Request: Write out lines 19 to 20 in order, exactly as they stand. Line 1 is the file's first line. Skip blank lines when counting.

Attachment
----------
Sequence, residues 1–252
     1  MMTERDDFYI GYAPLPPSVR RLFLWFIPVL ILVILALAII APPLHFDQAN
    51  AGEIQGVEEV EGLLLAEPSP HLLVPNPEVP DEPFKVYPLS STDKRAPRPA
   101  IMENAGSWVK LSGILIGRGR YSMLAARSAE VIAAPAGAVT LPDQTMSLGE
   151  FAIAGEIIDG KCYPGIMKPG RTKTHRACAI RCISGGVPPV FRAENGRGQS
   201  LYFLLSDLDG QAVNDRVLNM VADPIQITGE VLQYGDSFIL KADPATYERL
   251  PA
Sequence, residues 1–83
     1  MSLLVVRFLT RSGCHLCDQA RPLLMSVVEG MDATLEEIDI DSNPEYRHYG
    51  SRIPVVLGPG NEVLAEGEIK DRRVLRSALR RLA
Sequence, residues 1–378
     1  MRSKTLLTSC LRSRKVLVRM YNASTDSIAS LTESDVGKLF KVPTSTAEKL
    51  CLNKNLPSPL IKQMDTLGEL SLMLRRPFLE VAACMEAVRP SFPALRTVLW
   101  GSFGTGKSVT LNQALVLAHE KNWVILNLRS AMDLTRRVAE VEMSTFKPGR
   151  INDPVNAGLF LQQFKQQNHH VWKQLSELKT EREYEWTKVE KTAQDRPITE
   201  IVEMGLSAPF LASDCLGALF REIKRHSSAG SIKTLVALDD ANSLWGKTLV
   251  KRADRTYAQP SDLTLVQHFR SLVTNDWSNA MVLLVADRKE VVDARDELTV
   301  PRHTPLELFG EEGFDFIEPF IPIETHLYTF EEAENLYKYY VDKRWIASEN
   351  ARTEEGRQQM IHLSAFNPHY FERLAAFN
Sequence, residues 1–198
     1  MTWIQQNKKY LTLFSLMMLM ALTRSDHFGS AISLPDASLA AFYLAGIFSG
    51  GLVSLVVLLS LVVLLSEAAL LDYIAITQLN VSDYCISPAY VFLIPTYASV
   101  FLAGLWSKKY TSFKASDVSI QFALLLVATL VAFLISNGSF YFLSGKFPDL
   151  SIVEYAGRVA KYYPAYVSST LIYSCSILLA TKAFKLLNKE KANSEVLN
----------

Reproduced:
   351  ARTEEGRQQM IHLSAFNPHY FERLAAFN
Sequence, residues 1–198